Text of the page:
“DAOWO Sessions – Artworld Prototypes”
“Blockchain technology is a tool, not a saviour”
What benefits do blockchain technologies have for art and civil society? This is what the “DAOWO Sessions – Artworld Prototypes” of the Goethe-Institut dealt with. The Latest at Goethe spoke to the two curators Ruth Catlow and Penny Rafferty and the artist collective eeefff.
By Annette Walter
Ruth Catlow and Penny Rafferty, together you curated the “DAOWO Sessions – Artworld Prototypes” and discussed them online with cultural professionals and representatives of art and technology organisations. You also analysed the role of art in the emerging blockchain space. How did you and the participants benefit from it??
Penny Rafferty: Die Kuratorin Penny Rafferty | Foto (Ausschnitt): © Hannah Rumstedt I think that the DAOWO project has increased our opportunities to live, think and work differently.
The ability to think further has always been a great strength of the arts.
At the moment, there’s a great deal of hype about NFTs, non-fungible tokens, or non-exchangeable codes. This allows, for example, a digital image to be given a unique identifier so it can no longer be copied, as would otherwise be possible with digital files. How has this discussion influenced your conception of the series?
Ruth Catlow: Die Kuratorin Ruth Catlow | Foto (Ausschnitt): © Ruth Catlow When we designed the DAOWO program, we couldn’t have foreseen the NFT boom. Since mid-January, everyone in the art world has been talking about NFTs, which I believe satisfy the art world’s love of financial speculation.
The work that we did with the DAOWO sessions, however, goes in the opposite direction. We are interested in speculating about a world of tomorrow instead of benefiting from the hype as individuals. It was important to us to create and imagine a world in which we would like to live and work together.
Ruth Catlow, how did you and Penny choose the projects?
Ruth Catlow: It was very important to us to bring the right people together, not specifically people who had mostly worked with decentralised organisations or decentralised technology, but a mix of creatives from different socio-political fields. We also wanted to move outside of a Euro-centred perspective, since from our own position we would have positioned ourselves fairly quickly in this European discourse.
Ruth Catlow, how did you organise the dialogue between the projects? The eponymous philosophy “DAOWO” (Decentralised Autonomous Organisation With Others) was important. What were the collaborative elements?
Ruth Catlow: Even though we weren’t together physically, we had a very good collective experience. A lot of it took place via Telegram chats, for example. In the end we filled out a paper together that works like a collective memory.
Nicolay Spesivtsev and Dzina Zhuk, you live in Minsk and, as the artist collective eeefff, have designed a live action role-playing game called Economic Orangery 2021. What’s it about?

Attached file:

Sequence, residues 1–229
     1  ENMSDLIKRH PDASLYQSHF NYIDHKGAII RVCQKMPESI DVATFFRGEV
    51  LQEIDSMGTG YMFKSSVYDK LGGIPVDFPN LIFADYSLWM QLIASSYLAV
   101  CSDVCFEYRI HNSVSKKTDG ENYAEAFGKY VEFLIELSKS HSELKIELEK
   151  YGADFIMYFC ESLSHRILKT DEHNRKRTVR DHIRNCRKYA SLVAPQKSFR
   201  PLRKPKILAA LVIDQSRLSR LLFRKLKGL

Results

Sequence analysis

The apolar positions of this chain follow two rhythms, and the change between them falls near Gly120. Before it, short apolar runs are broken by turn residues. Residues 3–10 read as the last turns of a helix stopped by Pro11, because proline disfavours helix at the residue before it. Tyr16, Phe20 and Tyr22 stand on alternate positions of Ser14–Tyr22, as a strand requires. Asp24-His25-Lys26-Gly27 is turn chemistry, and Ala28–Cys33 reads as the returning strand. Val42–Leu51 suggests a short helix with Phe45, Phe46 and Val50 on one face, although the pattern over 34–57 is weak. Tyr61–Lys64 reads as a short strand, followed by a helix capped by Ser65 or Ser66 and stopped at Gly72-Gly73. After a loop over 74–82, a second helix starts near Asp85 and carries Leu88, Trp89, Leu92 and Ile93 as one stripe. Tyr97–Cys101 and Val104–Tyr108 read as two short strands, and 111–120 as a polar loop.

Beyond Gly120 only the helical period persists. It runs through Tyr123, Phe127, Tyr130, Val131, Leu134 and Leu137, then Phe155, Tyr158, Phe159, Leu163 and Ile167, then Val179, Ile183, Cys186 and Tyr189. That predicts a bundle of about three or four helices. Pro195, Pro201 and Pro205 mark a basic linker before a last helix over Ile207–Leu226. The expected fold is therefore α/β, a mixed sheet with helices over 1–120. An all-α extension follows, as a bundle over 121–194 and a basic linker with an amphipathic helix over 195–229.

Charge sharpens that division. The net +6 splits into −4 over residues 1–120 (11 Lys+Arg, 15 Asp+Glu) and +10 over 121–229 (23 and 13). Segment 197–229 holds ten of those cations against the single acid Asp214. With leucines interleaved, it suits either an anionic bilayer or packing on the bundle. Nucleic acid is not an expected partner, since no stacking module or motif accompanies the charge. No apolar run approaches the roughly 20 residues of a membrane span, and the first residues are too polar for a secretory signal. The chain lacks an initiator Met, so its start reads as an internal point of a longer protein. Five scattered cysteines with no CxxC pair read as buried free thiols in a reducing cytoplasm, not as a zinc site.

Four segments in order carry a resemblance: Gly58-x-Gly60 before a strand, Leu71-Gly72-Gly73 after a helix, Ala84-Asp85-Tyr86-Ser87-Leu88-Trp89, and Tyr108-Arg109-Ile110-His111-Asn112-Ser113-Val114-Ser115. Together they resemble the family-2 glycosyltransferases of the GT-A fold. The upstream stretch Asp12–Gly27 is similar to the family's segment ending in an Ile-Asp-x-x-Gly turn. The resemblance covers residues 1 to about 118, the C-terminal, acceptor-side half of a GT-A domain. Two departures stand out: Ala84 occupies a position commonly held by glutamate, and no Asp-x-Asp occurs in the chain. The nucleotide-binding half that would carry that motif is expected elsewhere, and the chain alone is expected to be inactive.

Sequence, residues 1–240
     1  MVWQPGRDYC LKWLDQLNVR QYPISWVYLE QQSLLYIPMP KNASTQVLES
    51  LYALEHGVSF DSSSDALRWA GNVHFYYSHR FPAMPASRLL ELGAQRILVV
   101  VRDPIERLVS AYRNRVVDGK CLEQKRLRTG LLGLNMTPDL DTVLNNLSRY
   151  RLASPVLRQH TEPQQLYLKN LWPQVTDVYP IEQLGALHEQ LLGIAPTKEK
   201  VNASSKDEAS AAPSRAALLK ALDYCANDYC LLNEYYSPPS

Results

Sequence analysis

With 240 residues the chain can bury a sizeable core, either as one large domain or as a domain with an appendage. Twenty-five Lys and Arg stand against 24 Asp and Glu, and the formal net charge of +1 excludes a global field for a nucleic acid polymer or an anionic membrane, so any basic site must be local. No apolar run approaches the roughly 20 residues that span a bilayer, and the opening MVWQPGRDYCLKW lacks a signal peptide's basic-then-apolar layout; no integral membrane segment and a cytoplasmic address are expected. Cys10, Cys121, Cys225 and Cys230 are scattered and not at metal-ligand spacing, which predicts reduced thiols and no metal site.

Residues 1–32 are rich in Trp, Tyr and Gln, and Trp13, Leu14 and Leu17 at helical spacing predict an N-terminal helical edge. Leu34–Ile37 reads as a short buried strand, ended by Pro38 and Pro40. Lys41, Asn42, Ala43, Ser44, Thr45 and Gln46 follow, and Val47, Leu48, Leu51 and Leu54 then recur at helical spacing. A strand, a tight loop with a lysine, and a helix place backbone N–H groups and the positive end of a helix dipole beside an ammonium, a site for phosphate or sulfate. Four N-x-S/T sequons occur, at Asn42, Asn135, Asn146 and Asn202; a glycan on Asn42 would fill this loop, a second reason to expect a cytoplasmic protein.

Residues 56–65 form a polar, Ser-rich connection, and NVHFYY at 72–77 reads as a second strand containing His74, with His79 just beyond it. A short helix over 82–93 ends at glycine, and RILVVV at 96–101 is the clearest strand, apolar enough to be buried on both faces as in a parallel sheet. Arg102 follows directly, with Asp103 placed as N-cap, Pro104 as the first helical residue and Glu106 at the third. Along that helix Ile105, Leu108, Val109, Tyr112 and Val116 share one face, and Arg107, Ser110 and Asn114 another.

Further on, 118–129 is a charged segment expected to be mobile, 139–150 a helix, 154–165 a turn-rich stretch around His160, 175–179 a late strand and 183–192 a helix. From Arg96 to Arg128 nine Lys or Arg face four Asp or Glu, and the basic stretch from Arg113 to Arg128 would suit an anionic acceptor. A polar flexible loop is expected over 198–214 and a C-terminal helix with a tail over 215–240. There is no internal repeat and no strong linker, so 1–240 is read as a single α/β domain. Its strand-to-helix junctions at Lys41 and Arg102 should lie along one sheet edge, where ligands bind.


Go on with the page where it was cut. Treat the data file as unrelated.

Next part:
Nicolay Spesivtsev: Nicolay Spesivtsev, aus dem Künstlerkollektiv eeefff | Foto (Ausschnitt): © Nicolay Spesivtsev "Economic Orangery 2021" is built around a collective idea of decentralised economic institutions in a revolutionary Belarusian situation. It’s meant to be a place where you as a participant are at a point in the future where you can gather speculative knowledge about blockchains in 2020.
The game lasts two months; there’s a one-hour online session every week.
How did the participants like it?
Nicolay Spesivtsev: They were thrilled to operate in a setting where you can play with reality. The variety of experiences that the participants had was very important to us.
Dzina Zhuk: Dzina Zhuk, aus dem Künstlerkollektiv eeefff | Foto (Ausschnitt): © Dzina Zhuk Our live action role-play game is about a protest that spawns something new that we call the “present future.” This means that many multi-layer structures and many test sites are created; new types of infrastructures and coexistence. We want to try new collective narratives. It was important to be in existing, decentralised protest infrastructures. For example, there were Telegram chats that you could use to find your specific neighbourhood courtyard chat. You can think of our role play as a kind of imaginary courtyard in which we lived every two months.
What’s your vision of the future of blockchain technology for art and culture?
Ruth Catlow: Hard to say. In my understanding of technology, once it’s appeared it no longer disappears, but mutates. I don’t think NFTs will go away either. This technology will become more human. If we understand technology as part of ourselves, we may have a much more ethical and social way of existing with technology.
Penny Rafferty: Blockchain technology won’t change art and culture. But it offers another way of changing them for better or for worse through alternative systems. It’s a tool, not a saviour.